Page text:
South Carolina Exposition and Protest
SOUTH CAROLINA EXPOSITION AND PROTEST
SOUTH CAROLINA EXPOSITION AND PROTEST. In the fall of 1828, many South Carolinians were on the point of rebellion against the Tariff of Abominations and the perceived abuse of power by congressional majorities. Seeking redress, state legislators asked John C. Calhoun, then U.S. vice president, to write a justification for a state veto of the offending legislation. In his "draft," Calhoun expanded on the iniquities and dangers of the tariff, and argued that state constitutional conventions had the sovereign authority to declare a federal act unconstitutional. Such a declaration would halt the operation of the law within the state until the federal government secured passage—if it could—of a constitutional amendment confirming the disputed power. The South Carolina legislature did not formally adopt Calhoun's Exposition, but printed it with amendments, together with its own protest, in December 1828. Four years later, the state adopted Calhoun's nullification scheme, bringing on a national crisis that showed the impracticality and danger of the procedure, and it was never used again.
Freehling, William W. Prelude to Civil War: The Nullification Controversy in South Carolina, 1816–1836. New York: Harper and Row, 1966.
Wilson, Clyde N., and W. Edwin Hemphill, eds. The Papers of John C. Calhoun, Vol. 10: 1825–1829. Columbia: University of South Carolina Press, 1977.
Wiltse, Charles M. John C. Calhoun. 3 vols. Indianapolis, Ind.: Bobbs-Merrill, 1944–1951.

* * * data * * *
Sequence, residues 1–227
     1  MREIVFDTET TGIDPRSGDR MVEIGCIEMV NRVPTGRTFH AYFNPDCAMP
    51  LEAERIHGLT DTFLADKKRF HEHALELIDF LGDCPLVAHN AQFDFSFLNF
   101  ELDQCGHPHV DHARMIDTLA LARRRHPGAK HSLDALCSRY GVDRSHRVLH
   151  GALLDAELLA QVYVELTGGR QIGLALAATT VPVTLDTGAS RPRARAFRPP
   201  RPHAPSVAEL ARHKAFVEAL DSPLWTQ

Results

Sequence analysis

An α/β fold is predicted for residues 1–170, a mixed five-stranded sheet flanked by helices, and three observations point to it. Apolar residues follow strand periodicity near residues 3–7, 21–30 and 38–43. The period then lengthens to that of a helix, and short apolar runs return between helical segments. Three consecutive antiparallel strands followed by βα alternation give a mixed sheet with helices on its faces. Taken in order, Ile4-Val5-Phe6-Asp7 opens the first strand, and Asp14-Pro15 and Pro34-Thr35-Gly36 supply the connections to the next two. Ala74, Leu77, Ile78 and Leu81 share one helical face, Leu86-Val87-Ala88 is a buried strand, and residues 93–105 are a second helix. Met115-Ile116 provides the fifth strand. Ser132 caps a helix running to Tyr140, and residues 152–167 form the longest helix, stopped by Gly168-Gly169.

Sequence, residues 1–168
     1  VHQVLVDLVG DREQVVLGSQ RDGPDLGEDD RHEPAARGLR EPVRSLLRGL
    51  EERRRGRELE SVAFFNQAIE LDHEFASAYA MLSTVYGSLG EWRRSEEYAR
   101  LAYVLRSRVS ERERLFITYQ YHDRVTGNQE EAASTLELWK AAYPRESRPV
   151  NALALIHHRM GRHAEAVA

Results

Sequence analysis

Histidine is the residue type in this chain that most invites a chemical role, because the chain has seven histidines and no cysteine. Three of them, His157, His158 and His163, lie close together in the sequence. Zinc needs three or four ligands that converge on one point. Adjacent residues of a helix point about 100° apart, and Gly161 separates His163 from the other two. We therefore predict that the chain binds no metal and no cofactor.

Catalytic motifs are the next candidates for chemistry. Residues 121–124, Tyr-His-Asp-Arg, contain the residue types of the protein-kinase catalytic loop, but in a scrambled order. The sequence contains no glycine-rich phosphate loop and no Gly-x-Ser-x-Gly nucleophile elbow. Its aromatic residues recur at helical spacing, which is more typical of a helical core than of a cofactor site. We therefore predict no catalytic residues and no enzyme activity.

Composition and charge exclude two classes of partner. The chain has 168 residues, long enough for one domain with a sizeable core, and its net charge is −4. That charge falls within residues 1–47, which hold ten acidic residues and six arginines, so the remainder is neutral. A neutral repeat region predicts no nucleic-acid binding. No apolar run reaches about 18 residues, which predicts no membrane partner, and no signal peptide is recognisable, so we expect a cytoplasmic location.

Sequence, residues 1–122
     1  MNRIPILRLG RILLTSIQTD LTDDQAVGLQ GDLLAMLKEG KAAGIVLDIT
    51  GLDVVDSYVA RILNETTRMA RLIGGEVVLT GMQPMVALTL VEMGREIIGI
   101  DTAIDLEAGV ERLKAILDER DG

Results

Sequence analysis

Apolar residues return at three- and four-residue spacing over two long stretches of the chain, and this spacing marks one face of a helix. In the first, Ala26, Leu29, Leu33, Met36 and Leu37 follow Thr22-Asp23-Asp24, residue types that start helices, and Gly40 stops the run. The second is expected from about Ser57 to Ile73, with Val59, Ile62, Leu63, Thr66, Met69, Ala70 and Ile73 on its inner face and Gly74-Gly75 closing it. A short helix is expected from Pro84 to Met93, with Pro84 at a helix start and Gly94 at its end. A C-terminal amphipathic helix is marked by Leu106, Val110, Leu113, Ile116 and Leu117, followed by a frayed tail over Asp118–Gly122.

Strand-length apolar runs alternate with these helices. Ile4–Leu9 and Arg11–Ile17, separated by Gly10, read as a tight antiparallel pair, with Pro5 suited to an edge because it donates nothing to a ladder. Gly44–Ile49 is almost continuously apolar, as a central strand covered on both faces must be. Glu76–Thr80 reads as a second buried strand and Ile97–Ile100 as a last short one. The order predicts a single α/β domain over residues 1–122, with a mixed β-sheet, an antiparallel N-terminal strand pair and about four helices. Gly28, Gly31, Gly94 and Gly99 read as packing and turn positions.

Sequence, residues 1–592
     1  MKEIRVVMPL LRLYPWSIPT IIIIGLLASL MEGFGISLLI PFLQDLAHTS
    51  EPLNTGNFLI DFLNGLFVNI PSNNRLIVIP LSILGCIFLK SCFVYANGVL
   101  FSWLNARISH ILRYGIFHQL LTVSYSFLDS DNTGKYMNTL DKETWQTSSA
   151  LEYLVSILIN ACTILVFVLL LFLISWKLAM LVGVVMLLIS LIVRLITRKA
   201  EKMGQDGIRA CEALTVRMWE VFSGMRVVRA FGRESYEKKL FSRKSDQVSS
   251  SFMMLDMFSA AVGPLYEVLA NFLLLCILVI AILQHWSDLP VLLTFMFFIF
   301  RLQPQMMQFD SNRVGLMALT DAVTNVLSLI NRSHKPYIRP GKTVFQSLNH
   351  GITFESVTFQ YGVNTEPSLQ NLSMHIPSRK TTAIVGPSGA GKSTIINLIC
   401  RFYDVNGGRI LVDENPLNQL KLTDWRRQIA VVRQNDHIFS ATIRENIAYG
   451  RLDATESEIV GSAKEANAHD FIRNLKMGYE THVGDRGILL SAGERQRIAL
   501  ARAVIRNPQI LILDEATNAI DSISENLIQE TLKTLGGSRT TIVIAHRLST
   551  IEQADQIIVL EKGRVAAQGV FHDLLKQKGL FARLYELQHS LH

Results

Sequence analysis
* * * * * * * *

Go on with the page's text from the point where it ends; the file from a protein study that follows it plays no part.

See alsoNullification .
"South Carolina Exposition and Protest." Dictionary of American History. . Encyclopedia.com. (June 23, 2017). http://www.encyclopedia.com/history/dictionaries-thesauruses-pictures-and-press-releases/south-carolina-exposition-and-protest
"South Carolina Exposition and Protest." Dictionary of American History. . Retrieved June 23, 2017 from Encyclopedia.com: http://www.encyclopedia.com/history/dictionaries-thesauruses-pictures-and-press-releases/south-carolina-exposition-and-protest
Encyclopedia.com gives you the ability to cite reference entries and articles according to common styles from the Modern Language Association (MLA), The Chicago Manual of Style, and the American Psychological Association (APA).
Within the “Cite this article” tool, pick a style to see how all available information looks when formatted according to that style. Then, copy and paste the text into your bibliography or works cited list.
Because each style has its own formatting nuances that evolve over time and not all information is available for every reference entry or article, Encyclopedia.com cannot guarantee each citation it generates. Therefore, it’s best to use Encyclopedia.com citations as a starting point before checking the style against your school or publication’s requirements and the most-recent information available at these sites:
Modern Language Association
The Chicago Manual of Style
American Psychological Association
- Most online reference entries and articles do not have page numbers. Therefore, that information is unavailable for most Encyclopedia.com content. However, the date of retrieval is often important. Refer to each style’s convention regarding the best way to format page numbers and retrieval dates.
- In addition to the MLA, Chicago, and APA styles, your school, university, publication, or institution may have its own requirements for citations. Therefore, be sure to refer to those guidelines when editing your bibliography or works cited list.